Ubuntu is a widely known Linux distribution renowned for its user-friendly interface, simplicity, and versatility. Below is a brief history and overview of Ubuntu, highlighting its key attributes:

Developed by South African entrepreneur Mark Shuttleworth and his company, Canonical Ltd., Ubuntu was introduced in October 2004. It aimed to provide a free and open-source operating system based on Debian. The name "Ubuntu" derives from the Zulu and Xhosa languages, symbolizing "humanity towards others.

🚀 Ready to explore the power of open source? Learn everything you need to know in our detailed exploration: "What is Ubuntu" and why it's transforming the tech landscape.

Key Features: 

  1. User-Friendly Interface: Ubuntu prioritizes usability, offering a clean and intuitive desktop environment. Recent versions employ the GNOME desktop environment, which presents a modern and straightforward interface suitable for both beginners and experienced users.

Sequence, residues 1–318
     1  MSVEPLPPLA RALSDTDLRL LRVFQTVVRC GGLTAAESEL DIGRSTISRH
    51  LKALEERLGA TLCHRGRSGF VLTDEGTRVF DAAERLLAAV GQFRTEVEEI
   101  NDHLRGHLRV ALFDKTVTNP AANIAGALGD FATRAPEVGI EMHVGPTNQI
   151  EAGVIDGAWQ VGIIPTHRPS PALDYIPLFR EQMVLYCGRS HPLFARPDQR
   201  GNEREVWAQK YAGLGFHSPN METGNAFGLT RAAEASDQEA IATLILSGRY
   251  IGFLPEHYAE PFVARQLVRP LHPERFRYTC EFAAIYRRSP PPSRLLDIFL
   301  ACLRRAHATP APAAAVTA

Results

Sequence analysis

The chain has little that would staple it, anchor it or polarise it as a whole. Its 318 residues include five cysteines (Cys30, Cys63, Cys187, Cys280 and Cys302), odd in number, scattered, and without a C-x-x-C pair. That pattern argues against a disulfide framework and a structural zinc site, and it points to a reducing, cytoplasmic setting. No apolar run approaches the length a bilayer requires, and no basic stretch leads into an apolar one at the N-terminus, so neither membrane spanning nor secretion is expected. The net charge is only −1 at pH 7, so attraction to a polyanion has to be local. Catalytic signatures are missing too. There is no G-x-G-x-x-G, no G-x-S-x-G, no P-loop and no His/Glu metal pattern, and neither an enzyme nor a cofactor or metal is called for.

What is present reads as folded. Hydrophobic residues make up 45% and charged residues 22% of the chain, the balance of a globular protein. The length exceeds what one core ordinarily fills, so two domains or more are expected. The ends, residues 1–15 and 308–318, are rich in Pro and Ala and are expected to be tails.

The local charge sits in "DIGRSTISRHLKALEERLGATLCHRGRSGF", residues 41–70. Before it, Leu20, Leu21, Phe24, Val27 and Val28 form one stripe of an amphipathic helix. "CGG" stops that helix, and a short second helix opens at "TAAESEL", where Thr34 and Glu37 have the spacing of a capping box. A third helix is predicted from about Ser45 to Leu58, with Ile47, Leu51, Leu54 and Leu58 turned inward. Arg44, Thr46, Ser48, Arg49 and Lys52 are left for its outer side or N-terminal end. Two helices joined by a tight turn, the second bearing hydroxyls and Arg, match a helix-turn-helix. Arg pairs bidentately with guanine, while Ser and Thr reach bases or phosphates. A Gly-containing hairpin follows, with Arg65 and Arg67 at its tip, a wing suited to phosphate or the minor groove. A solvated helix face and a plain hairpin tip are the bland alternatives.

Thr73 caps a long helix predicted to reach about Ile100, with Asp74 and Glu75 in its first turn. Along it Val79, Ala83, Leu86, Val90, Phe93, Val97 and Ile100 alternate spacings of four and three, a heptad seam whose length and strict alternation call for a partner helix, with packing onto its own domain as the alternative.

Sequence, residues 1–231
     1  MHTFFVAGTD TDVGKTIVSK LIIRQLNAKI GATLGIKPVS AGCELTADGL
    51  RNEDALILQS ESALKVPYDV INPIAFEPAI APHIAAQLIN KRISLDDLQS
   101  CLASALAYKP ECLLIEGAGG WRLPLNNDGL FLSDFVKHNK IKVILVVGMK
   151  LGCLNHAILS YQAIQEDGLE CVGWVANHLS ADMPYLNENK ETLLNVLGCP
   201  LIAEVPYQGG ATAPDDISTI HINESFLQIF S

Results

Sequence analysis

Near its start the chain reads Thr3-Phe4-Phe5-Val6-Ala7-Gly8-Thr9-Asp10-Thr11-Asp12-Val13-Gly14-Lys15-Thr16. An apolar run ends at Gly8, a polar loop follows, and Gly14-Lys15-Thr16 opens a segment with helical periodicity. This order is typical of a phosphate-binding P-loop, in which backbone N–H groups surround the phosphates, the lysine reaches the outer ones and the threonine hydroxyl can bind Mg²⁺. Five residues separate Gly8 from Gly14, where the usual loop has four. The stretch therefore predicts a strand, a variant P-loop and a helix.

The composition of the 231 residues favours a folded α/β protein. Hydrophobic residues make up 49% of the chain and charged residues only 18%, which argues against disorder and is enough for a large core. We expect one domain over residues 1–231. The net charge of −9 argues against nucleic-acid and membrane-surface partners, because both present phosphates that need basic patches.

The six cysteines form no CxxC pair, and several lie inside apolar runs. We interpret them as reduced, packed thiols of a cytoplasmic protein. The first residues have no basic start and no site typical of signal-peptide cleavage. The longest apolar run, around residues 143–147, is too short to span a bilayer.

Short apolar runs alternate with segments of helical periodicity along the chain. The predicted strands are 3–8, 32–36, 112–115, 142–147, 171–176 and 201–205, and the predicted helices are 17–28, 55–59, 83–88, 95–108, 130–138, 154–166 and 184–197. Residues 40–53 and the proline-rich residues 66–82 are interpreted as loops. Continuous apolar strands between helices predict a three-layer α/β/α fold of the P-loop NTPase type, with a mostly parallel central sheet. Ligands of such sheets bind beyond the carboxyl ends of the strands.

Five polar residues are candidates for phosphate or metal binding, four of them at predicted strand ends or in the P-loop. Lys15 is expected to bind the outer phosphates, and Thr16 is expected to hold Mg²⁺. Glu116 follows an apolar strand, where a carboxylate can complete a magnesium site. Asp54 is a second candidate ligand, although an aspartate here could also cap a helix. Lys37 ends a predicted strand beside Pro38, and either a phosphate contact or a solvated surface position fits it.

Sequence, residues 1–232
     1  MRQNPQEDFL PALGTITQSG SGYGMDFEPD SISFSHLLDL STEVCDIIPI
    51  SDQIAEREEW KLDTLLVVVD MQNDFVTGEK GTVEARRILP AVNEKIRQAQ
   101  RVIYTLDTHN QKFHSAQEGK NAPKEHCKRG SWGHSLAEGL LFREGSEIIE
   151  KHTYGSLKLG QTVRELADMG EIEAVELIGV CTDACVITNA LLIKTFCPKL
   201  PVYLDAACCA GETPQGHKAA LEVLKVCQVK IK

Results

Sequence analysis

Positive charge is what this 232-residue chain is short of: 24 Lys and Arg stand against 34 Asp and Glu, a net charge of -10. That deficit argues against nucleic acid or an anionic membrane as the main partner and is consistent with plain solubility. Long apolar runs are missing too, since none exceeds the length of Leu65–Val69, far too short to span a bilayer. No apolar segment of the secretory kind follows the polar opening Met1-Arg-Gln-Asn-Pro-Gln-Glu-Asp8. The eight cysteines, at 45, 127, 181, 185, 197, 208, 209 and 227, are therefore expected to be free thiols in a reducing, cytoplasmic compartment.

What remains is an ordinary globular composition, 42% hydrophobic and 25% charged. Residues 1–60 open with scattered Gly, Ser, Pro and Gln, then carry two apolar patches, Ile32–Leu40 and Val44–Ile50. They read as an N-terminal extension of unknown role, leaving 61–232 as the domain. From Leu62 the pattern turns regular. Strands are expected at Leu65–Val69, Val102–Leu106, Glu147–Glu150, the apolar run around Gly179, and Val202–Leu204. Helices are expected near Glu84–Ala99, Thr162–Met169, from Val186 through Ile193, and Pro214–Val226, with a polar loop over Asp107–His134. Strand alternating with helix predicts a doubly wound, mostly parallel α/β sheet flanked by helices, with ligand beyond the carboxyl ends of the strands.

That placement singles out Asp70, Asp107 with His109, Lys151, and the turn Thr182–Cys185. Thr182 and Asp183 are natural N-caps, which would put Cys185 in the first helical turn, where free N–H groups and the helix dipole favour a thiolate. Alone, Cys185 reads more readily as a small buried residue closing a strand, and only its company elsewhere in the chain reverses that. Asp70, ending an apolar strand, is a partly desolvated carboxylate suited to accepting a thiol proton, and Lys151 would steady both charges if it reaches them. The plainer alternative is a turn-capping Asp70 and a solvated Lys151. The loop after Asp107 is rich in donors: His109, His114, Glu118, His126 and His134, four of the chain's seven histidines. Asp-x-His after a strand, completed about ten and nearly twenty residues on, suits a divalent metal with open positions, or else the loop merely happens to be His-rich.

2. Easy Installation: Ubuntu ensures a straightforward installation process, enabling users to quickly set up the operating system on their computers. The installer provides a guided experience, making it accessible to users with varying technical expertise.
  3. Software Center and Package Management:Ubuntu incorporates the Ubuntu Software Center, a user-friendly graphical interface for managing software installations and updates. It boasts an extensive repository of applications that can be accessed, searched, installed, and updated. Ubuntu utilizes the Advanced Package Tool (APT) package management system, simplifying software dependency installation, removal, and resolution.